Featured Coach: Rachel Jolley
Rachel Jolley fell in love with the beautiful game at an early age. Watching her older brother steered her towards the sport of soccer, and, after a very successful youth career, coaches from all over Florida started to take notice. Then, at the age of 13, injuries struck. From the first hip pointer at 13-years-old, Rachel suffered a major injury every calendar year all the way up to her freshman year at the University of South Alabama. Despite the injuries, she earned an athletic scholarship, but she suffered an ankle tear during spring training with the Jaguars, forcing her to hang up the cleats. She returned to Florida to finish school, but soccer was meant to be in her life. She was offered a junior training position in 2006 and she’s fell in love all over again. She's been coaching ever since and now has a U.S. Soccer National D(r) coaching license, and is a member of the NSCAA. Here are 18 questions with our featured coach, Rachel Jolly!
How old are you?
Where are you from?
St. Pete, Florida.
How did you get into soccer?
I grew up in a sports-centric house; my mom was a cheerleader and my dad played just about everything. When my older brother started playing rec soccer, I was three years old, but I was always at the field watching him play, and doing some kicking around of my own. So, the first year I was able to play (I was five), I was pretty much begging my parents to sign me up.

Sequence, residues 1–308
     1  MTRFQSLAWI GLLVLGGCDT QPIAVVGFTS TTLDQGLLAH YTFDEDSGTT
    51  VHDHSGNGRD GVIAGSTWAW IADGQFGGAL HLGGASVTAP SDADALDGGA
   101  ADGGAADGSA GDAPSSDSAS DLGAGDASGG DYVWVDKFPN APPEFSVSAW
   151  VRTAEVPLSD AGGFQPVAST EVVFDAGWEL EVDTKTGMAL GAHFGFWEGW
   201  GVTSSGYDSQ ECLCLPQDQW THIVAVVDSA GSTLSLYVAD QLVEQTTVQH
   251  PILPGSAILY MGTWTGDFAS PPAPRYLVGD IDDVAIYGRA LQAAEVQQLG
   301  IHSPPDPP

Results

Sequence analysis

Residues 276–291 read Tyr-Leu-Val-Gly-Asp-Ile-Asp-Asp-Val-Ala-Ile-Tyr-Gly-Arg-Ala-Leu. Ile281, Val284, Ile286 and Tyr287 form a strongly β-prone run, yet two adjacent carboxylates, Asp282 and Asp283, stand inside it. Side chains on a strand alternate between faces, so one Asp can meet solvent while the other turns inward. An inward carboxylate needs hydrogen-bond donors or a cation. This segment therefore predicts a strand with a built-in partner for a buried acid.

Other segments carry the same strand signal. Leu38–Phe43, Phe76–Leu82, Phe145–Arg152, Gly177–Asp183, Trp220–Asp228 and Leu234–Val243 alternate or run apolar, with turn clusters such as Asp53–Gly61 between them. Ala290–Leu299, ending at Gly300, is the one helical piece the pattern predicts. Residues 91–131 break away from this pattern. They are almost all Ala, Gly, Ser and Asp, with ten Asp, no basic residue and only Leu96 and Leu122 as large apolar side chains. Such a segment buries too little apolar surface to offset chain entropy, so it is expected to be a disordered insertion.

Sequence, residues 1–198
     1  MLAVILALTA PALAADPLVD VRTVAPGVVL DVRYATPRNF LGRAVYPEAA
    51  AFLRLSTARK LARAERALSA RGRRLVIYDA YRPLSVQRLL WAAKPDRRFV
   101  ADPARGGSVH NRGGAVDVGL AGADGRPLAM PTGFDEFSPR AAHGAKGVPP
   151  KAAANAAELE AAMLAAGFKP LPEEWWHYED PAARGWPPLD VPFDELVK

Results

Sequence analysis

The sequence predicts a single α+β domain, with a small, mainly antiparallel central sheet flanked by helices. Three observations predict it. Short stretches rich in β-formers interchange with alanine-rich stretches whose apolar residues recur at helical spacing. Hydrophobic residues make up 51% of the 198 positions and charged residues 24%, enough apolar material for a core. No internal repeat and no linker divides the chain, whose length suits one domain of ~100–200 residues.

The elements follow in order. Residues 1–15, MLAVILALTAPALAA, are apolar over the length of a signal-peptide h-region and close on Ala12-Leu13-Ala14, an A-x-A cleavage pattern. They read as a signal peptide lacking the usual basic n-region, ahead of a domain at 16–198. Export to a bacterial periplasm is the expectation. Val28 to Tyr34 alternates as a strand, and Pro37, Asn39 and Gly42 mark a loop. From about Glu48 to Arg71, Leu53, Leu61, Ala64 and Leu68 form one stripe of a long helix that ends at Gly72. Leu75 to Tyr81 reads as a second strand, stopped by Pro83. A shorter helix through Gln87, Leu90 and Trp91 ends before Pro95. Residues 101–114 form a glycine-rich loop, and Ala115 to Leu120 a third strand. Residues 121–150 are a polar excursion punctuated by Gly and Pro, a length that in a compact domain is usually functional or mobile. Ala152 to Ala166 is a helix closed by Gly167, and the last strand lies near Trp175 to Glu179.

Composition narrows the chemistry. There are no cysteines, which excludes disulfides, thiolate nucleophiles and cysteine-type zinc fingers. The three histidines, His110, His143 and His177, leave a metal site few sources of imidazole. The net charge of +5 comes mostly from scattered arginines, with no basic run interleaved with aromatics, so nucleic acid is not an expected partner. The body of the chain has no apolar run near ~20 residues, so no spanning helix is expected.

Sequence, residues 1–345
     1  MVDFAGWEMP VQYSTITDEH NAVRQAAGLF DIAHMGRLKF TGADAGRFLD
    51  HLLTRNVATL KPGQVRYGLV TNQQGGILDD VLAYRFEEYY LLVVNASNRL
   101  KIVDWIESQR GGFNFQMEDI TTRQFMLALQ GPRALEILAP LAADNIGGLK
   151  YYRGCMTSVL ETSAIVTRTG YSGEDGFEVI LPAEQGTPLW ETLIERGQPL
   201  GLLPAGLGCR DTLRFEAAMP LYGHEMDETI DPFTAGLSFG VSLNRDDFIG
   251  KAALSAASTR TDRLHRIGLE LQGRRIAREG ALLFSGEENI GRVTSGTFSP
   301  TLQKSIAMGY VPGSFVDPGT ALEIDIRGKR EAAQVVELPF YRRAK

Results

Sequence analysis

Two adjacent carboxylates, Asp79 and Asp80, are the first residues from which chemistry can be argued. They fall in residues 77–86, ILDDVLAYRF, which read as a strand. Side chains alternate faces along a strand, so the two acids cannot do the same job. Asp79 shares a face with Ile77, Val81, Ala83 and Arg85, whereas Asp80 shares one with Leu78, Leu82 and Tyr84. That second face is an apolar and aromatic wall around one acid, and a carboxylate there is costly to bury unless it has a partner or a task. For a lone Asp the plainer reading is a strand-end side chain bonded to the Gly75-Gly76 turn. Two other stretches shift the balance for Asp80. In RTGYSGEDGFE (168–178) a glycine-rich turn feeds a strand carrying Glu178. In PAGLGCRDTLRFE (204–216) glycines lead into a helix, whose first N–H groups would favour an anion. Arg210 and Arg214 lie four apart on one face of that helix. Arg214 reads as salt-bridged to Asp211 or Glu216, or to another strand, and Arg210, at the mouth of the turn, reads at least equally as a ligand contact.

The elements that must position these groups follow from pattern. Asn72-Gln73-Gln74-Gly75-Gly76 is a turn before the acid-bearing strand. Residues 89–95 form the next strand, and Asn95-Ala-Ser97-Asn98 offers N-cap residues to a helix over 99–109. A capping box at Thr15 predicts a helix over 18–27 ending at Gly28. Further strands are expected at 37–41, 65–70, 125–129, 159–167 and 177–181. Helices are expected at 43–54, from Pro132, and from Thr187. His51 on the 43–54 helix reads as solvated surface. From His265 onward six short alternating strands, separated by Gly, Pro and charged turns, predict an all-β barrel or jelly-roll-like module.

Who were your soccer role models growing up?
It was the mid-to-late 90s so Mia Hamm was huge, of course. But, I always had a big admiration for Michelle Akers. To this day I don't think we've filled that role on the USWNT. She was such a pioneer in the women's game, and so far beyond her years as far as her style of play, and vision. To me, she's still the reigning G.O.A.T.
Who are your favorite teams to support?
I love following the USWNT, and I travel to the matches whenever my schedule permits. I'm also a proud season ticket holder for the Orlando Pride (you see what I did there). I enjoy watching other league play when I can, but my heart is invested in the women's game here, in America. And, it is important to push the NWSL forward with support and buzz, especially now that there is such a lengthy break between major tournaments.
What's one skill you think every player needs to cultivate?
Touch. Every time you can have a ball at your feet, do it. For me, touch is the foundation of everything else. How can a player increase their speed on the ball, or improve their tactical vision, if they can't be effective with the ball at their feet? I always had a ball at my feet, even inside the house as a kid; playing it of off the hallway walls and aiming to split the dining room table and hutch, into the living room (GOAL!). It's all relevant.
Is there one skill where you always see deficiencies in players? How can they improve at that skill?
Since I work predominantly with younger players, the one thing they all usually have in common, is being uncomfortable using their weak foot. It is something that, especially in the women's game, I think we can improve on. Like most skills, it's all about repetition. Keep striving, keep pushing, and it will improve faster than you think. I tell my kids to challenge themselves by going through entire sessions with their club/high school teams with their weak foot.
What is your favorite drill for players and why?